Tuesday, July 12, 2011

Watch out, normal people, this post is about knitting.

By "normal people," I of course mean "people who are weird in ways other than a love for the fiber arts."

Guess what it turns out Buenos Aires has?

a) Really cheap and enormous skeins of yarn.
b) The most incredible concentration of yarn stores I have ever seen ever.
c) Three less cheap and enormous skeins of yarn than it used to have, which I can't show you pictures of because some of them are PRESENTS.
d) Sandwiches.

The correct answer is ALL OF THEM, but the first two are what I'm going to talk about right now.

Thanks to the knitting blogosphere, particularly a post by Boo over at Craft, Eat, Travel, Sleep.....Repeat and another by Drew at drew-o-rama, I became aware that the 800 and 900 blocks of Scalabrini Ortiz are the unofficial yarn district of Buenos Aires. They each talked about a couple of shops, so when I set out I was thinking there would be perhaps two or three. I counted seven on one block, on one side of the street, and gave up counting. It was incredible. I've experienced the yarn-choosing problem many a time, but I've never had trouble choosing which yarn shop to walk into.

With additional thanks to the knitting blogosphere, I was prepared for the different setup of Argentine yarn stores. Apparently, it's fairly normal for there to be counters stretching all around the room. You might take a number from the deli-number-taking thing by the door, and then wait for your number to come up. Then you go talk to one of the attendants behind the counters, who will pull skeins for you and tell you what they're all made of and everything, since none of the skeins have any labels attached to them. Then you bring what you want to be weighed (prices are per kilogram), and you pay. This seems a little nuts to me, since you have to have a conversation with somebody in order to be able to touch anything or even know what type of fiber it is, but okay. We'll try.

There were stores of varying levels of chique-ness, and I walked into and looked around inside about five of them. Moussa was very nice, and looked by far the fanciest, but Yanabey was the one that won me over. It was definitely a step down from Moussa in terms of fancy-pants yarniness, although both Moussa and Yanabey seemed to stock only their own lines of yarn! Can you believe that? That would be like going into a Cascade store. Or a Malabrigo store. These things may exist, but they are beyond the bounds of my imagination.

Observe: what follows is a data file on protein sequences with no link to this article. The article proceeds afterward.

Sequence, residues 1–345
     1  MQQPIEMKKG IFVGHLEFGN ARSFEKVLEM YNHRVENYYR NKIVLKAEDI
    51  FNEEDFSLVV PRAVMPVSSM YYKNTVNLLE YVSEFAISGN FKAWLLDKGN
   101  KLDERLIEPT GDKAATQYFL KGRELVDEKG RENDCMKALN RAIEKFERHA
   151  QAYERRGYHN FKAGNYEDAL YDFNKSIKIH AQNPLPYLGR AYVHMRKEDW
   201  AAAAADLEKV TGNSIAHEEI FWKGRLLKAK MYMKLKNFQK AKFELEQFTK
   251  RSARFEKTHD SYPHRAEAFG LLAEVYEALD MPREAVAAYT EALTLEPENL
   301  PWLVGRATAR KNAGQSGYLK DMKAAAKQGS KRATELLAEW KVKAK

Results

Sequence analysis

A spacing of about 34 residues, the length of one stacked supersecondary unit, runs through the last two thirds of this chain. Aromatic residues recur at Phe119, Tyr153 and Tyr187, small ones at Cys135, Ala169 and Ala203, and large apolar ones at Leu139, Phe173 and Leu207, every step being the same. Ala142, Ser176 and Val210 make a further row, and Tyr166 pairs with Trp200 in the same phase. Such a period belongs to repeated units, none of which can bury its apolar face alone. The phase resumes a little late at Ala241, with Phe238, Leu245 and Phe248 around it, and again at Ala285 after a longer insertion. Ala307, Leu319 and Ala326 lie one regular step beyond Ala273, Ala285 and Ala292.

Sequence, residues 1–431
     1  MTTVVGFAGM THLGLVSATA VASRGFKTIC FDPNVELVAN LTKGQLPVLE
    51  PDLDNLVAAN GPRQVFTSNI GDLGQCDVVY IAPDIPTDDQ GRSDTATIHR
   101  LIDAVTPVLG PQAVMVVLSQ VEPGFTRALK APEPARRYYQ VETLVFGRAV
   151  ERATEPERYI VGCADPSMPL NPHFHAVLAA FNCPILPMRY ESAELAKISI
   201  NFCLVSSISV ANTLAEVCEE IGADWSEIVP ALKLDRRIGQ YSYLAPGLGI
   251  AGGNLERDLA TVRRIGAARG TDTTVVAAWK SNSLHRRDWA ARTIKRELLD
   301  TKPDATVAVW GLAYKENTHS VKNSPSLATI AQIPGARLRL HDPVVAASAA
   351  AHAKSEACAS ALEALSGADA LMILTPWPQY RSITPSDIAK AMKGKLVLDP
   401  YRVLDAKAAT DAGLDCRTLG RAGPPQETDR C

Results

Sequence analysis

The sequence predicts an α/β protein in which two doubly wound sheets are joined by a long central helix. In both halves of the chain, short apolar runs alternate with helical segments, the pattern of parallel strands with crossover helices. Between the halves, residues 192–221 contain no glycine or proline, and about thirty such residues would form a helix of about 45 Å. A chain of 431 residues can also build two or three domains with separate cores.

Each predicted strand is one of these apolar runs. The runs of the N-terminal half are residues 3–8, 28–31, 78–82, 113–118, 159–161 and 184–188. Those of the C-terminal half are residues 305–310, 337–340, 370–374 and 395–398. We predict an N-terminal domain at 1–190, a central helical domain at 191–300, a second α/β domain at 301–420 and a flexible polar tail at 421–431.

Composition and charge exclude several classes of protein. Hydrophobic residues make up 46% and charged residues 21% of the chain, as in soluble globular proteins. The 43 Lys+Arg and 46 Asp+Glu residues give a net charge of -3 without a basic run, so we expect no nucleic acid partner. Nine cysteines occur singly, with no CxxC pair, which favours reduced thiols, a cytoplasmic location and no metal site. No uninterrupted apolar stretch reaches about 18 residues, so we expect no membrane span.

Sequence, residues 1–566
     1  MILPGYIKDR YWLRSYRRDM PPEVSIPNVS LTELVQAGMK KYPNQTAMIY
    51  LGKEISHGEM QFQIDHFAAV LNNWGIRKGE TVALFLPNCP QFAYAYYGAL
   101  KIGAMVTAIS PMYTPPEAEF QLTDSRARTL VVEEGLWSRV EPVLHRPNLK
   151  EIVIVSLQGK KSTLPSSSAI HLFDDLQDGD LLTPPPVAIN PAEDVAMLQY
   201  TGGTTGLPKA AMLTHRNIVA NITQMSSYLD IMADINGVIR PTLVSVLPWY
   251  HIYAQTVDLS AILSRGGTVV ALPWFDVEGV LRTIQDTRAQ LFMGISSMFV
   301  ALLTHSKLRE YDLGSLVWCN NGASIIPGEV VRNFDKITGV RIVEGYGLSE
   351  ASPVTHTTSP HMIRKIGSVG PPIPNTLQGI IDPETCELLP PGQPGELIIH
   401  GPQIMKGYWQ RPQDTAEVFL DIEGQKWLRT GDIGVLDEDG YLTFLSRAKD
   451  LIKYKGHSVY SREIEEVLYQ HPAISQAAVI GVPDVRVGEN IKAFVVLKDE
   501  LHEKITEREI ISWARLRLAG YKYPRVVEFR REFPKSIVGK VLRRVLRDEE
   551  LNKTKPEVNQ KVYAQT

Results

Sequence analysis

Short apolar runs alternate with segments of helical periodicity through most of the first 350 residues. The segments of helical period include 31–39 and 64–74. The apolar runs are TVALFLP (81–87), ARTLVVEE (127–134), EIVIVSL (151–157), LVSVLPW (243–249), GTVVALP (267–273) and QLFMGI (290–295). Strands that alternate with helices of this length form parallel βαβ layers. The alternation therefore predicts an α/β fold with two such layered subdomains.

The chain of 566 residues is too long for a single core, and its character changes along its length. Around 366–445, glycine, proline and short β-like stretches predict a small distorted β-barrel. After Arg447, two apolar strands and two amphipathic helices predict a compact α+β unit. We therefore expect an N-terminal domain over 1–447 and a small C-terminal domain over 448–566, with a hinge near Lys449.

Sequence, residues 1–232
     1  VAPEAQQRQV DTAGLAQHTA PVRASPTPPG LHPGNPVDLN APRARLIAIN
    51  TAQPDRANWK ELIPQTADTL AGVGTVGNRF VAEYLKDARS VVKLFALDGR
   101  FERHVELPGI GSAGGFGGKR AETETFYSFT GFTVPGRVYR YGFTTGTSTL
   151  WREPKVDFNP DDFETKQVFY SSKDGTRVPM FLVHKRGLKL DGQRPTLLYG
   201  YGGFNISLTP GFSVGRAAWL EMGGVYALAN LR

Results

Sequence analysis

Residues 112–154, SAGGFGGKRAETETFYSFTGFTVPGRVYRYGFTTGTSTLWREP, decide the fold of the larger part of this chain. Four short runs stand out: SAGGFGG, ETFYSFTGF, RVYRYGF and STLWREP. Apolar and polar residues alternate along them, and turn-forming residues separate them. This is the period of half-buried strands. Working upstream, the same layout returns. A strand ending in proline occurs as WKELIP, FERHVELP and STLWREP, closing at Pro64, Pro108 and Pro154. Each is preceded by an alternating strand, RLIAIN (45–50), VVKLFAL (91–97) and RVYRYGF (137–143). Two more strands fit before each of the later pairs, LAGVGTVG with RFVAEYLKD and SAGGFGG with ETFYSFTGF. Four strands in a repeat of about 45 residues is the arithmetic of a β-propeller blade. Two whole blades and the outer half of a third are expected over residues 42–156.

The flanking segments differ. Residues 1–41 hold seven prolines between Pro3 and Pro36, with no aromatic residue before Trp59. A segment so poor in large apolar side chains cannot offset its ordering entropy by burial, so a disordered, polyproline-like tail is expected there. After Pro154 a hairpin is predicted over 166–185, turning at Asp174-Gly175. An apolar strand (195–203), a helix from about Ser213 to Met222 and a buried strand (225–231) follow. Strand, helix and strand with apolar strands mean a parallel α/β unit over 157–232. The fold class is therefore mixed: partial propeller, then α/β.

Yanabey, however was the only store I went into that had any labels other than the names the company had given to those particular yarns, which were all useless and uninformative things like "Spring Flame." But Yanabey was awesome! They were all arranged all over the walls by type of fiber, and at the bottom of each column they had a helpful sign saying what the yarn was made out of, its price per kilogram, its average price per skein, the recommended needle size, and how many grams you'd probably need to make a sweater. All of this without having to talk to anyone! And the way the counters were arranged, you could touch the yarn! You could pull skeins off the shelves yourself! Ideal for an indecisive minimal speaker of Spanish. The employees were super friendly, though, so if you can speak Spanish, you should talk to them! They were very willing to help, but also seemed to understand the knitter-looking-at-yarn thing. They had a pretty good selection too - a lot of acrylic, a very respectable selection of wool, a lot of cotton, and even silk and other weird things like that. They actually seemed to have done things with acrylic that I had never encountered before - they had a lot of "artisan" thick-thin acrylics. It was confusing. All in all, yay for Yanabey!

So in addition to how awesome and plug-worthy Yanabey was, it was awesome to see that at least right there in that shop, knitting culture was pretty much the same here as at home. There were people walking around holding mountainous armfuls of yarn, saying "It's so hard to decide!" I felt right at home.

Also, how cheap was that yarn? It was 30 pesos, or about 7 dollars, for TWO HUNDRED GRAMS OF YARN. Knitting friends, how unreal is that? A skein of Malabrigo worsted is ONE hundred grams, and it costs like ten dollars. I would have bought so much more if I wasn't already having suitcase struggs to the maximum.

(Also, it has just become my birthday! Yay!)

1 comment:

  1. as;kdjasfjk I just read half this post out loud to my non-knitting friend who could not understand what I was so excited about. YARN OMG